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Breeders, How Would You Want This Handled?

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  • Original Poster

    Originally posted by rodawn View Post
    I don't think we need to assume the OP has evil intentions or is wanting to slam the bloodline or the breeder. It sounds like the OP wants to find a permanent home for the horse and the first idea was to try the breeder and now is looking for other options, of which there are a number of options.
    This. Thank you.


    • #42
      I dont think it is evil intention --I think it is human nature.


      • #43
        Originally posted by Dutch Lovin' Dressage Rider View Post
        Devils advocate here:
        So, how could a MAJOR issue be determined on "basic diagnostics"? What exactly do you think the issue is based on basic diagnostics? How exactly were you able to determine that the horse cannot do you job intended?
        Just an FYI, but there are plenty of back/neck issues that most of the time wont show up on a PPE on a unstarted horse but become blatantly clear not long after riding the horse. Been there, done that, which is the #1 reason why I wont buy a horse that I don't sit on.

        I think it's great that so many of you breeders say you would take a horse back. Curious how many actually put it in writing?

        To the OP, I have been in your shoes, I ultimately spent years of my life and tens of thousands trying to figure out what was wrong and trying to fix it. I think it's great that you are realizing your mistake early and trying to do the best for this horse.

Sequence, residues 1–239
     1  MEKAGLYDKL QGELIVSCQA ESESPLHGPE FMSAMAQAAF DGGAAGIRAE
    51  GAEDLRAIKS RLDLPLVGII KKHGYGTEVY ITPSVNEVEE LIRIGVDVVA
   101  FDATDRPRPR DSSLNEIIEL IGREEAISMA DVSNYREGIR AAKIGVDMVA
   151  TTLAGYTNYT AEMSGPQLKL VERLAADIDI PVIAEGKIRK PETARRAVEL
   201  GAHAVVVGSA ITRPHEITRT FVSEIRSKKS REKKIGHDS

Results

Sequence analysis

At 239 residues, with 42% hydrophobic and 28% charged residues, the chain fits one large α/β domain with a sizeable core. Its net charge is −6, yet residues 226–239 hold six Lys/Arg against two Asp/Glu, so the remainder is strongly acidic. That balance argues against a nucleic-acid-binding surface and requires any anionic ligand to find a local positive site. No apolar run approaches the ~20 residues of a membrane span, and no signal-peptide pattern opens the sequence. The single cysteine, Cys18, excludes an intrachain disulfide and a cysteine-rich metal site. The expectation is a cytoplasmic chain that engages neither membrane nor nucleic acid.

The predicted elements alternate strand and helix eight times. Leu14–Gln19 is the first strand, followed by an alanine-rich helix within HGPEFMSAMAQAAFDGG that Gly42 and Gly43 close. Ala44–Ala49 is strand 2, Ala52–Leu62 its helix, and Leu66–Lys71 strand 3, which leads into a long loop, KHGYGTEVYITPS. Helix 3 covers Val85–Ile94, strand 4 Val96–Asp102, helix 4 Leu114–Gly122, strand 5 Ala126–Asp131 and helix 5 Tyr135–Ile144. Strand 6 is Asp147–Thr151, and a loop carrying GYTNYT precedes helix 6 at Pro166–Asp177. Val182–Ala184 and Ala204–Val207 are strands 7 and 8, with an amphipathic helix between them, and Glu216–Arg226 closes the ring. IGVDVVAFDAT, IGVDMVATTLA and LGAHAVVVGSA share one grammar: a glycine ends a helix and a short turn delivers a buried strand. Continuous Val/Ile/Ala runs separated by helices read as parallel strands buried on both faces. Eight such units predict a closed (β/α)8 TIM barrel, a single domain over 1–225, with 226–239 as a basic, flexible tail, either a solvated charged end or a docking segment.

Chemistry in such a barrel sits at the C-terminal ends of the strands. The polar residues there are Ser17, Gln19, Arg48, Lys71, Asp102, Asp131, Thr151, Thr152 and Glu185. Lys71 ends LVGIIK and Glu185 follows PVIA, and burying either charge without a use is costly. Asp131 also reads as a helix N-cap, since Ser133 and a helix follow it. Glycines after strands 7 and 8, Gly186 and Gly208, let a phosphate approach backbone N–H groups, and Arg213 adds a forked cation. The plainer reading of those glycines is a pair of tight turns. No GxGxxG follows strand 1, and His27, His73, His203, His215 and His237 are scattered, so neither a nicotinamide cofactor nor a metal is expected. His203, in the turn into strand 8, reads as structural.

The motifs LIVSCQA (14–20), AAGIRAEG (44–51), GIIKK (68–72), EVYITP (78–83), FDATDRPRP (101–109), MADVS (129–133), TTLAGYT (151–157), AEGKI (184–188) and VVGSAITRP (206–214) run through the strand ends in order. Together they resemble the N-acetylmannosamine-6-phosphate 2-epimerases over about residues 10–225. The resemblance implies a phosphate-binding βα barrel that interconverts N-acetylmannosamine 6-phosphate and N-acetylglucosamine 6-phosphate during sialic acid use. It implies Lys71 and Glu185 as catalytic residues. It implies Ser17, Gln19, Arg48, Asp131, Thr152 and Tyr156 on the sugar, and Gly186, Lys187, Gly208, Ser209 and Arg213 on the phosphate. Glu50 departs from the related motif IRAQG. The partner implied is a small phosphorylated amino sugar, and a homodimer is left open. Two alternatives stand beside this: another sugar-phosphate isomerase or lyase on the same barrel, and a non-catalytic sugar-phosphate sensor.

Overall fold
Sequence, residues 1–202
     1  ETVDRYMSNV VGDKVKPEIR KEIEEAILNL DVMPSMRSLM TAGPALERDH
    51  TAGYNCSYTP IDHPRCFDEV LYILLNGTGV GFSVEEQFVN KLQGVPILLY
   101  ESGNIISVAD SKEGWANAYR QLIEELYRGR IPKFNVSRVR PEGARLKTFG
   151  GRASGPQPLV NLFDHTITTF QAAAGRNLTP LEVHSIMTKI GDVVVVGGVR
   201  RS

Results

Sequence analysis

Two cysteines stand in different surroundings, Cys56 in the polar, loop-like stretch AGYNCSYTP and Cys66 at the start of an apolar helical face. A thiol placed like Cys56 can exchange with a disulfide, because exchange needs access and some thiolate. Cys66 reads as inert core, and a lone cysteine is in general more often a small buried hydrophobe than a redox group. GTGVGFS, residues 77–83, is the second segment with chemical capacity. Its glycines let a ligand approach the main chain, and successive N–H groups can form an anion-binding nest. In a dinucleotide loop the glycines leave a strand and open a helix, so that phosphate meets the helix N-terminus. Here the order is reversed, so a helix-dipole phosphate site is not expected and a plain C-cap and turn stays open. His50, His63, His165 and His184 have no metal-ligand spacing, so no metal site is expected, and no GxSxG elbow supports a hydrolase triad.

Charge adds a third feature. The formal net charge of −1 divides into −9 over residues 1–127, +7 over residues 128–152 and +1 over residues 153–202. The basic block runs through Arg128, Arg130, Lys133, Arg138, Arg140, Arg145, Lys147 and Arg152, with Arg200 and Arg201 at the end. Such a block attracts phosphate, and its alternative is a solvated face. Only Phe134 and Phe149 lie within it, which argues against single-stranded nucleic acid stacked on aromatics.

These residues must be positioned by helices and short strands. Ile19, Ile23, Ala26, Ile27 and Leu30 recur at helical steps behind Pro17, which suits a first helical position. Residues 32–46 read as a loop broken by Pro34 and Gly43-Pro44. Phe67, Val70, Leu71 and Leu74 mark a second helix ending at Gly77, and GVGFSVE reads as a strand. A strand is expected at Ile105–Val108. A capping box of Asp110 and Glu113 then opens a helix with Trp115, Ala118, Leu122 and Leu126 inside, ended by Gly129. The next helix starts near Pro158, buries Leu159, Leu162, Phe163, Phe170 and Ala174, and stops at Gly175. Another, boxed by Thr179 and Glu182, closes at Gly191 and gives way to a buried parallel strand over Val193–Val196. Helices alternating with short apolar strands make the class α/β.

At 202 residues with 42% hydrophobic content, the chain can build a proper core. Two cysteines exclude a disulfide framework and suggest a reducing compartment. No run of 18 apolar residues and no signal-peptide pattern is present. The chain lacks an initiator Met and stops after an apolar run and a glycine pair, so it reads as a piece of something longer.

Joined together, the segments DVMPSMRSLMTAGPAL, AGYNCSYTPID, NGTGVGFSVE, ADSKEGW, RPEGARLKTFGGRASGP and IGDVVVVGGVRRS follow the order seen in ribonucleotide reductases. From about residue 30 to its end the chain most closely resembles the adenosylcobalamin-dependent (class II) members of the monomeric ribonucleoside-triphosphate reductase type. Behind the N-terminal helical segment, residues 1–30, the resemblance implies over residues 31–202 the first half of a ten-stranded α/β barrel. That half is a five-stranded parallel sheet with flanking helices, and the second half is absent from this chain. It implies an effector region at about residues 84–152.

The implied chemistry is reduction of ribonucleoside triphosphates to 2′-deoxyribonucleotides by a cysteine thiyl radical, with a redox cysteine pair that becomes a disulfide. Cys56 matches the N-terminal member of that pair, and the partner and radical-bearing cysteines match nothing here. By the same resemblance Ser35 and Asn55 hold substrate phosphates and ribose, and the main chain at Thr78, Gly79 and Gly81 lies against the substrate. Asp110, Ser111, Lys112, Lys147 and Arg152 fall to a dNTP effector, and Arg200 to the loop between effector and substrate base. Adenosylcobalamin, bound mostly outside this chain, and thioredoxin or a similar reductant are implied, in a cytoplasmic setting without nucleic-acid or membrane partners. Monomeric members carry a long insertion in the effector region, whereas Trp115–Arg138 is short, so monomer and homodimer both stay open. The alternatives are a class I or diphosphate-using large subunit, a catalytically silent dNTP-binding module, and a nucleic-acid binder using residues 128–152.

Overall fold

On the Internet, nobody knows you're a dog


        • #44
          My point is how could anyone expect a breeder to take a horse back based on basic diagnostics? Less than complete diagnostics might not mean a whole lot to the breeder. Not saying OP has ill intentions but people do make things up and then try to return the horse (probably posts in off course you could find about this now). Might be considered a guess by some vets unless thorough diagnostics.

          I think it is doing the horse an injustice not getting complete diagnostics and then wanting to get rid of the horse and pass on to someone else.

          Just doesn't seem fair to the horse and his potential future. What if he ends up in a bad situation where he is misunderstood about his abilities because of no formal diagnostics and maybe treated unfairly?


          • #45
            Originally posted by Perfect Pony View Post
            Just an FYI, but there are plenty of back/neck issues that most of the time wont show up on a PPE on a unstarted horse but become blatantly clear not long after riding the horse. Been there, done that, which is the #1 reason why I wont buy a horse that I don't sit on.
            Good point here.


            • #46
              So what is wrong with the horse? Depending on the problem it might or might not be resonable for a breeder to take the horse back. For example roaring might be ok in lower level hunters where there is not much neck flexion but not in an upper level dressage prospect. Many OCD lesions can be successfully removed/repaired. A horse with wobblers can be dangerous to be around. It is very difficult to give advice without having details.
              Cindy Bergmann
              Canterbury Court